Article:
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Title:
ORTHOPEDIC CAST REMOVAL APPARATUS
Document Type and Number:
WIPO Patent Application WO/2017/127814
Kind Code:
A1
Abstract:
An orthopedic cast removal apparatus comprises a housing having a portion that can be gripped by an operator during use. A motor is located inside the housing. A blade is operatively connected to and driven by the motor via a drive mechanism, the blade defining a cutting edge having cutting teeth located thereon. The drive mechanism according to this aspect has a driven element with an axis of rotation substantially parallel to a surface of an orthopedic cast when it is cut. The blade is connected to the driven element at a connection point that moves periodically around the axis of rotation. As a result, the cutting edge of the blade engages material of the orthopedic cast in a galloping fashion.

Inventors:
WALSH, IV, Dr. John Joseph (13 Running Fox Road, Columbia, South Carolina, 29223, US)
MULLER, Boyce Lee (6533 Macon Road, Columbia, South Carolina, 29209, US)
Application Number:
US2017/014586
Publication Date:
July 27, 2017
Filing Date:
January 23, 2017
Export Citation:
Click for automatic bibliography generation   Help
Assignee:
RHINOX TOOL, LLC (13 Running Fox Road, Columbia, South Carolina, 29223, US)
International Classes:
A61F15/02; B23D61/00; B23Q11/00
Domestic Patent References:
WO2010120322A12010-10-21
Foreign References:
US5964039A1999-10-12
US4421111A1983-12-20
US6543549B12003-04-08
US6219922B12001-04-24
US20090205210A12009-08-20
US5115567A1992-05-26
US8672943B22014-03-18
US3214869A1965-11-02
Attorney, Agent or Firm:
KILLEN, Craig N. et al. (Nelson Mullins Riley & Scarborough, LLPBank of America Corporate Building,100 North Tryon Street, 42nd Floo, Charlotte North Carolina, 28202, US)
Download PDF:
Claims:
WHAT IS CLAIMED IS:

1. An orthopedic cast removal apparatus comprising:

a housing having a portion that can be gripped by an operator during use; a motor located inside said housing;

a blade operatively connected to and driven by said motor via a drive mechanism, said blade defining a cutting edge having cutting teeth located thereon; and

said drive mechanism having a driven element with an axis of rotation substantially parallel to a surface of an orthopedic cast when it is being cut, said blade being connected to said driven element at a connection point that moves periodically around said axis of rotation;

wherein said cutting edge of said blade engages material of the orthopedic cast in a galloping fashion.

2. An orthopedic cast removal apparatus as set forth in claim 1, wherein said connection point orbits around said axis of rotation in a circular path.

3. An orthopedic cast removal apparatus as set forth in claim 2, wherein said drive mechanism includes a right angle gearbox interconnecting an output shaft of said motor with said driven element.

4. An orthopedic cast removal apparatus as set forth in claim 3, wherein said driven element is part of a slider crank mechanism.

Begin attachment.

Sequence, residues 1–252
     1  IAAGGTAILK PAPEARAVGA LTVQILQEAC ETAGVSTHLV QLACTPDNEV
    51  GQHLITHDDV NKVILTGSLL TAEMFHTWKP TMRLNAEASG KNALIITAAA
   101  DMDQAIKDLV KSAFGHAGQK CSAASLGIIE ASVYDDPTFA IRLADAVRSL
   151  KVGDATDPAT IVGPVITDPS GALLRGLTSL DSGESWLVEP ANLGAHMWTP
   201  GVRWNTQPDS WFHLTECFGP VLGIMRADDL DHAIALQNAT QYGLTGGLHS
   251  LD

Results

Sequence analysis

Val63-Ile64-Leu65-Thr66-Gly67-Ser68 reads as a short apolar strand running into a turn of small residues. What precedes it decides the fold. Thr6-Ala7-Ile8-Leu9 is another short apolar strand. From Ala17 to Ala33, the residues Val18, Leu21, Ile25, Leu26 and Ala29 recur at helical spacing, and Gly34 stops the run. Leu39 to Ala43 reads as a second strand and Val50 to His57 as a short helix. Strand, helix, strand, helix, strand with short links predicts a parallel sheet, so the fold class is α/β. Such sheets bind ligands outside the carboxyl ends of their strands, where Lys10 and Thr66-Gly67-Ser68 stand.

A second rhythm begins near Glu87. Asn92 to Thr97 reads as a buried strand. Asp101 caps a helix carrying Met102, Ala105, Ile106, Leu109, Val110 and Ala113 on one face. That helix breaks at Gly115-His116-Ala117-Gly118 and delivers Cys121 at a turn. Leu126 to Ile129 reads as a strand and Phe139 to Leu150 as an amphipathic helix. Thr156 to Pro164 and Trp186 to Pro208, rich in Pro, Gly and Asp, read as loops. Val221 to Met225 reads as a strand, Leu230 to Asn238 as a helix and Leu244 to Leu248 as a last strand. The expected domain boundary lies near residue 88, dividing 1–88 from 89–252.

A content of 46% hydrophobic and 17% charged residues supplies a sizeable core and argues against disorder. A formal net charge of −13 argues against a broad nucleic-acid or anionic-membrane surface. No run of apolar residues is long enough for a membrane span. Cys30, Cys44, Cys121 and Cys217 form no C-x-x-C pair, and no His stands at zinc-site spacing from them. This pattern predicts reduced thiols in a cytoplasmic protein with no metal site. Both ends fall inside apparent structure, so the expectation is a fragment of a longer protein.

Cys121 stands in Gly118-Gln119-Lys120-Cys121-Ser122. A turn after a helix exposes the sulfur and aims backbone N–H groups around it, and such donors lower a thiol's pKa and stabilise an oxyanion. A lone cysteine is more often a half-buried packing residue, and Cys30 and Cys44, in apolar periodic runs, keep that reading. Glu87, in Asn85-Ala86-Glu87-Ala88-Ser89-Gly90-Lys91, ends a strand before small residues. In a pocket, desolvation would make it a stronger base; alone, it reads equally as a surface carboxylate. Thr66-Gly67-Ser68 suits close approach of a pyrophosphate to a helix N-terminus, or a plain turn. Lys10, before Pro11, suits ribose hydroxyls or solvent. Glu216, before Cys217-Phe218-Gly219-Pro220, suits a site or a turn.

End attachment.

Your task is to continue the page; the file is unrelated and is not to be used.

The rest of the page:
5. An orthopedic cast removal apparatus as set forth in claim 4, wherein said driven element comprises a blade mounting bar integrally attached to a slider bar.

6. An orthopedic cast removal apparatus as set forth in claim 5, wherein at least a portion of said slider bar slidably moves in a slider housing pivotally attached to said housing.

7. An orthopedic cast removal apparatus as set forth in claim 1, wherein said housing has a main housing portion containing said motor and a grip portion attached to said main housing portion.

8. An orthopedic cast removal apparatus as set forth in claim 7, wherein said blade is oriented in a plane that is parallel to an axial plane of said grip portion.

9. An orthopedic cast removal apparatus as set forth in claim 7, further comprising sound absorbing material located inside said main housing portion.

10. An orthopedic cast removal apparatus as set forth in claim 7, further comprising:

a vacuum duct passing through said housing;

a vacuum inlet defined in said housing in fluid communication with said vacuum duct; and

a vacuum outlet defined in said housing for connection to a vacuum source.

11. An orthopedic cast removal apparatus as set forth in claim 10, comprising a swivel connection at which said vacuum source is connected.

12. An orthopedic cast removal apparatus as set forth in claim 1, further comprising a foot mounted to said housing to limit the plunge depth of said blade.

13. An orthopedic cast removal apparatus as set forth in claim 1, wherein said motor is a DC motor powered by at least one battery pack received in a receptacle defined in said housing.

14. An orthopedic cast removal apparatus as set forth in claim 1, wherein said motor is an AC motor.

15. An orthopedic cast removal apparatus as set forth in claim 1, wherein said cutting edge of said blade has a generally semicircular configuration.

16. An orthopedic cast removal apparatus as set forth in claim 1, wherein said cutting edge of said blade has a forward edge portion, an aft edge portion, and a concave bottom edge portion.

17. Apparatus comprising:

a housing having a main housing portion and a grip portion attached to said main housing portion;

a motor located inside said main housing portion;